Although community colleges have long been an access point for Black students pursuing higher education, career advancement, and economic mobility, they have not produced equitable outcomes, according to a new report by the Joint Center for Political and Economic Studies, a think tank on public policy issues affecting Black communities in the U.S.
In its analysis of administrative and higher education data from sources such as the National Clearinghouse Research Center and U.S. Census Bureau, the report, “The State of Black Students at Community Colleges,” suggests community colleges need to better meet the needs of Black students, as they experience higher levels of food and housing insecurity and accumulate more debt than their peers, which are obstacles to enrollment, Inside Higher Ed reports.
“We believe in the power of community colleges,” says Alex Camardelle, a co-author of the report and director of the workforce policy program at the Joint Center. “But we know that given the overrepresentation of Black students at these institutions, it warrants a closer examination of how well they’re serving those students.”
Enrollment declines and achievement gaps
More than one-third (36%) of Black undergraduate students attend two-year colleges, the report says, and historically, community colleges enroll Black students at higher rates than other demographic groups, especially during times of uncertainty. During the Great Recession, for example, Black students enrolled at higher rates than other racial groups. However, Black enrollment dropped 18% during the height of the COVID-19 pandemic, from fall 2019 to fall 2021. Black male enrollment saw steeper declines, slipping 23.5% compared to the 15% drop in Black female enrollment. Overall, Black community college enrollment plummeted by 44% across a decade’s time, from 1.2 million in 2010 to 670,000 in 2020.
Additionally, the report highlights growing wealth and academic gaps between Black community college graduates and their peers. The gap between Black and white graduation rates has more than doubled, from a four-percentage-point gap in 2007 to an 11-percentage-point gap in 2020. Black students also transferred from two-year colleges to four-year colleges at a lower rate than other racial groups and were also more likely to earn a certificate at community college than an associate degree, both of which contribute to Black graduates earning less than their peers. The report also indicated that Black community college graduates earned about $20,000 less than their classmates while owing 123% of the original loan amount they borrowed 12 years after beginning community college, compared to white and Latinx graduates, who owed 69% and 91%, respectively.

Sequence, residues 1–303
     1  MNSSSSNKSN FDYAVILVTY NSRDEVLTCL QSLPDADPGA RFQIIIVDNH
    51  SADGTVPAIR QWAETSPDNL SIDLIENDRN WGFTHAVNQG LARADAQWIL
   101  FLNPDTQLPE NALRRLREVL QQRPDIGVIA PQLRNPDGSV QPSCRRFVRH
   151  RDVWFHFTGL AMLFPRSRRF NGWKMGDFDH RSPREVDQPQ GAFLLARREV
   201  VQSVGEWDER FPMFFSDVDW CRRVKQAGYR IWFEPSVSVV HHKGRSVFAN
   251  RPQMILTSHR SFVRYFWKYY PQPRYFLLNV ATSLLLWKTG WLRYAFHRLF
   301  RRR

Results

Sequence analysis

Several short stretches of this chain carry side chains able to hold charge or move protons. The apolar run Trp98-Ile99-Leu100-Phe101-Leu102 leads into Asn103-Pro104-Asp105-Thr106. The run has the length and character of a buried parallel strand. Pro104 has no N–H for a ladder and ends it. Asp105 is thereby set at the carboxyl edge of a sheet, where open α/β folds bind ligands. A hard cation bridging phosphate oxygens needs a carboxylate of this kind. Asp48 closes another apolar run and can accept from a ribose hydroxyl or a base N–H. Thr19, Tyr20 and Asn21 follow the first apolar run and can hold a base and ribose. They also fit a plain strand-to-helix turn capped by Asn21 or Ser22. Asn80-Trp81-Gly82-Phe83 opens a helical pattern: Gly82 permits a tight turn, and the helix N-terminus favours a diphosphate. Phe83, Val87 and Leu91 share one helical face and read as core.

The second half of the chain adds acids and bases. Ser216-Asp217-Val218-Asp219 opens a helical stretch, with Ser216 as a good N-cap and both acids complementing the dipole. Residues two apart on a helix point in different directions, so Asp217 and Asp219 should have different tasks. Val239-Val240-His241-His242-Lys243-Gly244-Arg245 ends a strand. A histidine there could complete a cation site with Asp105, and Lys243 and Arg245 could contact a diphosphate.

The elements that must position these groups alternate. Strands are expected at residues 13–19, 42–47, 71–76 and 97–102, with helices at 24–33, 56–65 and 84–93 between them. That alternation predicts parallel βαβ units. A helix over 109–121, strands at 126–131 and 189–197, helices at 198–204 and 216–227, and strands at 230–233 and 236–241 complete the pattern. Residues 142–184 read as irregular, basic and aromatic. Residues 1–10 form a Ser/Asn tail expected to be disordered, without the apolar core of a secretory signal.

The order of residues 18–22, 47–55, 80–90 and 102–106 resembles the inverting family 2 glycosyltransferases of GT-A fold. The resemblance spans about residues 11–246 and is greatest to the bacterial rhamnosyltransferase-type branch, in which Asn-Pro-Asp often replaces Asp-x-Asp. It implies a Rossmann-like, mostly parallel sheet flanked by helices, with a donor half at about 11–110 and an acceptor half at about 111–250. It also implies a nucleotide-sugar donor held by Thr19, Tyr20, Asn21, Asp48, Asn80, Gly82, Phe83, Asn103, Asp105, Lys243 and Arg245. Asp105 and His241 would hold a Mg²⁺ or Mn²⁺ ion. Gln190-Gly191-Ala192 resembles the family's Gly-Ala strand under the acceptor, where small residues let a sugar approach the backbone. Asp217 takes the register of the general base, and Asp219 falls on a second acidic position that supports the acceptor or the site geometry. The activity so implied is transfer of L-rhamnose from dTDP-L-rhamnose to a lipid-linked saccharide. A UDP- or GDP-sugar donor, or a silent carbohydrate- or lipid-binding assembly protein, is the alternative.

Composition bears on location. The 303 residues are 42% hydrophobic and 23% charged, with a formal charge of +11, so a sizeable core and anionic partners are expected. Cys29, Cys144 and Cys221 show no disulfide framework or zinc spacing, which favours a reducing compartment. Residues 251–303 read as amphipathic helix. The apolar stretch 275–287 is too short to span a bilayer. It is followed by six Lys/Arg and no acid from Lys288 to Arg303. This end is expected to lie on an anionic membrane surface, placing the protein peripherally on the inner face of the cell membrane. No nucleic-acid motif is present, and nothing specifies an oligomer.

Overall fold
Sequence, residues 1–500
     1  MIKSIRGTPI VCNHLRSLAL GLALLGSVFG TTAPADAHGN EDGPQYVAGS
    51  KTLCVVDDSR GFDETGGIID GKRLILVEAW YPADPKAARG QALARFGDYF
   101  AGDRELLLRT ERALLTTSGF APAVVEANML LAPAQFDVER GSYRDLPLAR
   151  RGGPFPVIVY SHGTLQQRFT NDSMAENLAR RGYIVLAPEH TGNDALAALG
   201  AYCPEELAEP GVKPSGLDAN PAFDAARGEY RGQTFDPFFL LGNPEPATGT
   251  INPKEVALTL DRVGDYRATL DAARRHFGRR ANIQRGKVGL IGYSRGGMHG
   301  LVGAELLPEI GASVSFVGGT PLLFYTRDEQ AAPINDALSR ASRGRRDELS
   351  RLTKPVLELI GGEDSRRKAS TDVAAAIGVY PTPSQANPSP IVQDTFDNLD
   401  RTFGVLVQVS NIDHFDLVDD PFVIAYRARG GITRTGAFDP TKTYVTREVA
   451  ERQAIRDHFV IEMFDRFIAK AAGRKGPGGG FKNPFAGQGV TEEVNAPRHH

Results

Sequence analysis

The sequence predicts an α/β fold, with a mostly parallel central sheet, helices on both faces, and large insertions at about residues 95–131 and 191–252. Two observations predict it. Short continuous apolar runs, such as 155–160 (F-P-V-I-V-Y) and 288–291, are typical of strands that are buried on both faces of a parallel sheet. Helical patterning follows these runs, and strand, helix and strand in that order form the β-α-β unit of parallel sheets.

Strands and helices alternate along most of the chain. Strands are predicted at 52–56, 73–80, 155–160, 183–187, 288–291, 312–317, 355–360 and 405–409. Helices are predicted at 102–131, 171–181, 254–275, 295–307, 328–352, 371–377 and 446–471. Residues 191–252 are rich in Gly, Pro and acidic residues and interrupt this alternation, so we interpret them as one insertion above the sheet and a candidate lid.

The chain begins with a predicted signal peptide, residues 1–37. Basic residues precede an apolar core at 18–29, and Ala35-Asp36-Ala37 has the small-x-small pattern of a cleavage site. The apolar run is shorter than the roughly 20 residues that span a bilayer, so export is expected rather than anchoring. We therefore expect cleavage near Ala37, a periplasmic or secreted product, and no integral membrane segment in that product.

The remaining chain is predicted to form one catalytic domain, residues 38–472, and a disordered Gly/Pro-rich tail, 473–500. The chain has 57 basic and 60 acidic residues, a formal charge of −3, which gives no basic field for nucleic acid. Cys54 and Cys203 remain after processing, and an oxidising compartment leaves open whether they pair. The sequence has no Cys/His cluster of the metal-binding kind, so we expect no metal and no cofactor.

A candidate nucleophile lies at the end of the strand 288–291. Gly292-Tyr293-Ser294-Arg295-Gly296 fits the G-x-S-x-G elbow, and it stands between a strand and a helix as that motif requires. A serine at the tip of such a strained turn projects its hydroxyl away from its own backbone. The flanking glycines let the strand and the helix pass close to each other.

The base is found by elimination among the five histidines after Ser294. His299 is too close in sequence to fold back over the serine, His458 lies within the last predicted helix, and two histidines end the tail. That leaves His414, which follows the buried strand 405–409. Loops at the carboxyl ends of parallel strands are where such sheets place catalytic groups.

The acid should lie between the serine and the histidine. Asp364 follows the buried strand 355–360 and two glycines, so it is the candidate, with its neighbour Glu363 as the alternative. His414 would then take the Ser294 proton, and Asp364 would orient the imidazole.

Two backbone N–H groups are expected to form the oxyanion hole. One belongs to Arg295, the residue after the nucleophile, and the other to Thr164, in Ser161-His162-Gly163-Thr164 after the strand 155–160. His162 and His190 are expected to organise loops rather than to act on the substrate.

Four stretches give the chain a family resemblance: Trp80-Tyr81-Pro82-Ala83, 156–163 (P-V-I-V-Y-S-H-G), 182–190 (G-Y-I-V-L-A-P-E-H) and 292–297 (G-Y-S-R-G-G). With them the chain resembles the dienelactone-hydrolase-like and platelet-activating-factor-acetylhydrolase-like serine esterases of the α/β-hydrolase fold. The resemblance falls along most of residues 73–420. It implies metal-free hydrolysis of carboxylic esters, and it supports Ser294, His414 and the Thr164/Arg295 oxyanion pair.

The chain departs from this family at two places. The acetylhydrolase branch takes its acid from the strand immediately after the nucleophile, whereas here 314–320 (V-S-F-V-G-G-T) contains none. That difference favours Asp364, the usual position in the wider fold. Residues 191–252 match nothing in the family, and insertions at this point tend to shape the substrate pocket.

Boosting retention and academic outcomes
To improve economic and academic outcomes among Black community college students, the report suggests policy makers, educators, and system leaders more actively engage Black students, especially Black men. Two-year colleges should also track academic outcomes data by race and ethnicity, streamline transfer pathways, and improve access to on campus childcare services, as Black students are more likely to be parents and have lower or poverty-level incomes when they enter college.
Shaun Harper, executive director of the University of Southern California Race and Equity Center, hopes that, given the disparities in academic outcomes outlined in the report, community colleges will focus on “a comprehensive, race-salient strategy that focuses specifically on Black students, on enrolling them, engaging them, ensuring their academic success, graduating them, and transferring them,” he tells Inside Higher Ed. “I think there are some powerful lessons that we can learn as colleges think about what to do in response to this report.”